2. That's basically god-like power, and I have my doubts that it's even possible, given how many atoms are in a human and the unknown factors. But I would still call such a thing a human. Though I'd want to broaden the concept of "human" to include man-made (versus metaphysically given) humans. Sort of like how we can think of the mythical god-made humans (Adam and Eve) versus nature-made ones (who evolved from chimps).
  3. No, but if you grow a human from it, then it'll be part of a human, and hence human DNA. This is an issue of causality. You can't have human DNA without a human to which it belongs. It's not the DNA itself that makes it human DNA. If that were the case, then human DNA existed before humans, which is non-sensical.
  4. No. If you begin with human DNA and grow a human from it, then it's a human, because you began with a part of a human. You now have a clone-or some altered clone. If you don't begin with a human part, then you are making something else, a faux "human."
  5. Were those select channels claimed illegitimately? If not, what do you call those properties? If so, why would you support them? Even if property was seized by eminent domain, I'm thinking it should still be a type of public property. It's stolen property, but our only choices are to give it back to the rightful owner, let the political elites own it, or attempt to make it public property and insist that we (or our elected representatives in government) vote on its use. If it's not going back to the rightful owner, then making it public property seems like the better option. Unfortunately we are in a mixed political situation where some property rights are respected and some are violated. This makes dealing with concepts like "public property" difficult.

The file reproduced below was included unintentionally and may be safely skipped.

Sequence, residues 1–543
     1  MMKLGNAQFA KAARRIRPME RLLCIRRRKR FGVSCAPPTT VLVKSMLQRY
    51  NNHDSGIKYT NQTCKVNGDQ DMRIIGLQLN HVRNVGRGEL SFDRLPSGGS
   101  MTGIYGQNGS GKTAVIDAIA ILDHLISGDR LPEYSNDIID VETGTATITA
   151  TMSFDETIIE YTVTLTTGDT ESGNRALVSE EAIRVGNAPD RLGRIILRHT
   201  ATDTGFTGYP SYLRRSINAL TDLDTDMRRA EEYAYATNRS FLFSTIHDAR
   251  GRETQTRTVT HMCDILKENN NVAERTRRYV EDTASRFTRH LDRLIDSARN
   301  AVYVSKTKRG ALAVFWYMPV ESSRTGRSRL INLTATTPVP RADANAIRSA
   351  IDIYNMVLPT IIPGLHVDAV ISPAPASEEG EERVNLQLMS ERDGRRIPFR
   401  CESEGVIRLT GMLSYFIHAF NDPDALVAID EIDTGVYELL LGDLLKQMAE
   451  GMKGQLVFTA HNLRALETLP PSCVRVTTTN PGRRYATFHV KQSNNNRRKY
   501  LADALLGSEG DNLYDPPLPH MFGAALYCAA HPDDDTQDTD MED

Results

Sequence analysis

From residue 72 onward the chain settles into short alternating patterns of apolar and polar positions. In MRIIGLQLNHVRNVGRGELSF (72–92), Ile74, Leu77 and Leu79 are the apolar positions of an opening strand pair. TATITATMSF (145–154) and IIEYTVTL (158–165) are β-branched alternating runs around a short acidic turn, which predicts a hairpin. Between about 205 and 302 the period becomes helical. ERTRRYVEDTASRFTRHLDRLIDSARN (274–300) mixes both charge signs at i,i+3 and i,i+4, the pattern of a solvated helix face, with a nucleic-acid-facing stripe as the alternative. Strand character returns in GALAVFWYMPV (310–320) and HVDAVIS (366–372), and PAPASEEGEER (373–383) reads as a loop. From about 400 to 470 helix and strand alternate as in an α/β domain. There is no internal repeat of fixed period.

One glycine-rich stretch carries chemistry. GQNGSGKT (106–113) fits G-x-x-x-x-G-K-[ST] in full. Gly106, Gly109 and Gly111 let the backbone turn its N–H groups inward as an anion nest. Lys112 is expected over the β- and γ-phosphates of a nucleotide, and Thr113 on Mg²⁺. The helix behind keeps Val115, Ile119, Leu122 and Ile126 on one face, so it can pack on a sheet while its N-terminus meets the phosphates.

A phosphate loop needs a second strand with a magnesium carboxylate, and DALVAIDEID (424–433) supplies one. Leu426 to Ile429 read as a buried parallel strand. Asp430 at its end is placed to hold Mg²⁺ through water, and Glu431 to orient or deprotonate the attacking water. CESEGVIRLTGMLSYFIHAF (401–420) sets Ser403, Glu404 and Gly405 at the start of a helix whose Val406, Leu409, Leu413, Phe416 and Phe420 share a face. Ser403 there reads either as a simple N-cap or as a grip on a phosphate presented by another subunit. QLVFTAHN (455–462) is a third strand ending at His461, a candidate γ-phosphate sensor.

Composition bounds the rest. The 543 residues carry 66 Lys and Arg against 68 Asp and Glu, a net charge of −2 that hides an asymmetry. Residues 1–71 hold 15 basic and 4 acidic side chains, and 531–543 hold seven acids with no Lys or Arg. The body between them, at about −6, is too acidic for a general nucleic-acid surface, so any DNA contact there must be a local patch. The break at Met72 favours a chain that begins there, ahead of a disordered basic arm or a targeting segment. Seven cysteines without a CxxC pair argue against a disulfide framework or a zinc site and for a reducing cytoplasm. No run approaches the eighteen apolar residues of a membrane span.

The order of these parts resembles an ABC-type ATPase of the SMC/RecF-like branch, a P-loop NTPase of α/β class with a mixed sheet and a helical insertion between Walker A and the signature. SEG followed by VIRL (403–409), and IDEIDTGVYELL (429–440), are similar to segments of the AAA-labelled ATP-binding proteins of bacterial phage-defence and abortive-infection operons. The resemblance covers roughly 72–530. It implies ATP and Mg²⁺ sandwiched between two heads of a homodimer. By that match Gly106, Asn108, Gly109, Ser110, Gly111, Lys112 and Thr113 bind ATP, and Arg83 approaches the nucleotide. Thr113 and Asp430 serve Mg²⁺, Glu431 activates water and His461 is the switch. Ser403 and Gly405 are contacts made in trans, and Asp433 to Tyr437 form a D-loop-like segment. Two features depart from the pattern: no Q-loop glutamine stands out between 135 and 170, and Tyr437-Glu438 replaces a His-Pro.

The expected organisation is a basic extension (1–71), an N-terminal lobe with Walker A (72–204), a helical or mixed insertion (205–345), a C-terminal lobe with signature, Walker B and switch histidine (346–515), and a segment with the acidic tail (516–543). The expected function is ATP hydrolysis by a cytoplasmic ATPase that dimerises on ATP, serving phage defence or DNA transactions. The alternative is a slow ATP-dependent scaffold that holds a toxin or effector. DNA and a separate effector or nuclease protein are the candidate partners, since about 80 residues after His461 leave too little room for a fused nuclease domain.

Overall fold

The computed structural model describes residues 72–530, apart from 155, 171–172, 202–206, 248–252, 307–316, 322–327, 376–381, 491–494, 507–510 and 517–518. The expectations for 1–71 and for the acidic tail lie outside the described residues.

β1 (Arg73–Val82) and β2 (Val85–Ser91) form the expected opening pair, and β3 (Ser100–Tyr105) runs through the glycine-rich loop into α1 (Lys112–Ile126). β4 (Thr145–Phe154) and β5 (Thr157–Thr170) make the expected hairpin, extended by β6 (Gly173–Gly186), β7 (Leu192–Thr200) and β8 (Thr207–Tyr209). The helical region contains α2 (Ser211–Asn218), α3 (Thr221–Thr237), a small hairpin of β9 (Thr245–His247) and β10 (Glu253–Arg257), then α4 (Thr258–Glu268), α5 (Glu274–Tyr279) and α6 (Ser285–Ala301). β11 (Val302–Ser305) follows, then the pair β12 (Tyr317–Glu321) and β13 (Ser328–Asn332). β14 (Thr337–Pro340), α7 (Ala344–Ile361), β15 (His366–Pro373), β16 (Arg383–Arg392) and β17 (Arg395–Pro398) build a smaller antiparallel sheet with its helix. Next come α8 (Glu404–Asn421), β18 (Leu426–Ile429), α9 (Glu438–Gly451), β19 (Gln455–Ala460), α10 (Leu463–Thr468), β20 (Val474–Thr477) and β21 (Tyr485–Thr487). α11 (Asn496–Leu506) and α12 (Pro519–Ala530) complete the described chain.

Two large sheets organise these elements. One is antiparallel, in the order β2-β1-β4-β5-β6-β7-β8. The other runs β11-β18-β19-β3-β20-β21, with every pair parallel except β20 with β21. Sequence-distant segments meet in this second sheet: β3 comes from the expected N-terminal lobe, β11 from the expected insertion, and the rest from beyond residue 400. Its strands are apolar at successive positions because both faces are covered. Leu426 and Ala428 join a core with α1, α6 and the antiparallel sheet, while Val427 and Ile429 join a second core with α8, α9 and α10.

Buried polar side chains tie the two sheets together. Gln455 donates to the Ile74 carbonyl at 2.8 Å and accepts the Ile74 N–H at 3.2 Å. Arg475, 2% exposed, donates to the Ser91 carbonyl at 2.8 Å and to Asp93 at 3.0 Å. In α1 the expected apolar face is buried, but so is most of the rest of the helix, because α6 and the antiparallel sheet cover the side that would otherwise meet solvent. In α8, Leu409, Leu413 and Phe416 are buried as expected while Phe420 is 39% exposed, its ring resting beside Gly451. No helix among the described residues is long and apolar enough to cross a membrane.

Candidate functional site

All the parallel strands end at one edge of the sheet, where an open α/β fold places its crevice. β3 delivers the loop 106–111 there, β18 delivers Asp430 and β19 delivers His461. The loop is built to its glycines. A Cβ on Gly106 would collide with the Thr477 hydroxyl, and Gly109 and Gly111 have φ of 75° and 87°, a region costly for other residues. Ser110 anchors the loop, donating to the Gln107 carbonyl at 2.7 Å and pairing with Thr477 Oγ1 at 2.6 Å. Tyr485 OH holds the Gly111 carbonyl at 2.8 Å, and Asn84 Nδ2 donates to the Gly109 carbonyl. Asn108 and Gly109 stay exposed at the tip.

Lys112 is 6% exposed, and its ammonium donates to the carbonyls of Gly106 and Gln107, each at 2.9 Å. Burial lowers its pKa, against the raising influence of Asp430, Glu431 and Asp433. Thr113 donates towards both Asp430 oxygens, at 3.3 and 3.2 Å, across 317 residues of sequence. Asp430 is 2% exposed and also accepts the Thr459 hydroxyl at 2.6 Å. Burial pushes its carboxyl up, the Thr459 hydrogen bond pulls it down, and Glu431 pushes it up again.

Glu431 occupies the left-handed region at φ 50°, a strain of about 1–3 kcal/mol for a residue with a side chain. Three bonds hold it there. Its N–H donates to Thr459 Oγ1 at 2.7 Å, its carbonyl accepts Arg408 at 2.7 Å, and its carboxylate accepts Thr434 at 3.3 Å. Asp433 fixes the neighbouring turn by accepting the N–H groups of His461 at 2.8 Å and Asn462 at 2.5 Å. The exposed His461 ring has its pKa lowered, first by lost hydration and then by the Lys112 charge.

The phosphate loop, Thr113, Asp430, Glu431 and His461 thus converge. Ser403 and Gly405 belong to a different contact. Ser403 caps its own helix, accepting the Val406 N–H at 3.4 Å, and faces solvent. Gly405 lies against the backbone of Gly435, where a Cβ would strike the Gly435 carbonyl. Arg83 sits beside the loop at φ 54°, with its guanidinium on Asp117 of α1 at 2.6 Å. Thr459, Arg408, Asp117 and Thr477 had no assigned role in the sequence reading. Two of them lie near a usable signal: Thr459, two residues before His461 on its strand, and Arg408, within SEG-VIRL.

6. SL had switched the context from a human being to human DNA. A human is an organism. Human DNA is part of an organism. The essentials of a human are his animalness (genus) and his rational faculty (differentia). The essentials of human DNA are its DNAness (genus) and that it's a part of a human (differentia). The differentia can't be that it has a particular atomic structure. Everything has a particular atomic structure.
  7. You already reconstructed it. You even quoted her argument, and I responded. We disagree. That's fine. Didn't say it was. The sections seized by eminent domain clearly weren't donated. That's true. Do you think all the government-controlled land along the border was taken forcefully? I'm not sure what you're getting at. Border patrol isn't trying to protect a non-existent thing. They're protecting people and their property inside the border. That's not really my focus here though.
  8. No Objectivist that I know is arguing that the government owns the land--as in all the land in the country. This is part of Binswanger's straw man, and it's not serving him or his followers well. I really have nothing more to add on that topic. If you think I'm confused about whether the government owns all the land, I don't know what else to tell you. Though, in my view, you might be confused about the purpose of government. Regarding property, and anything else of concern, the government is allowed to protect individual rights. I'm not sure why you worded the purpose negatively or focused on prevention.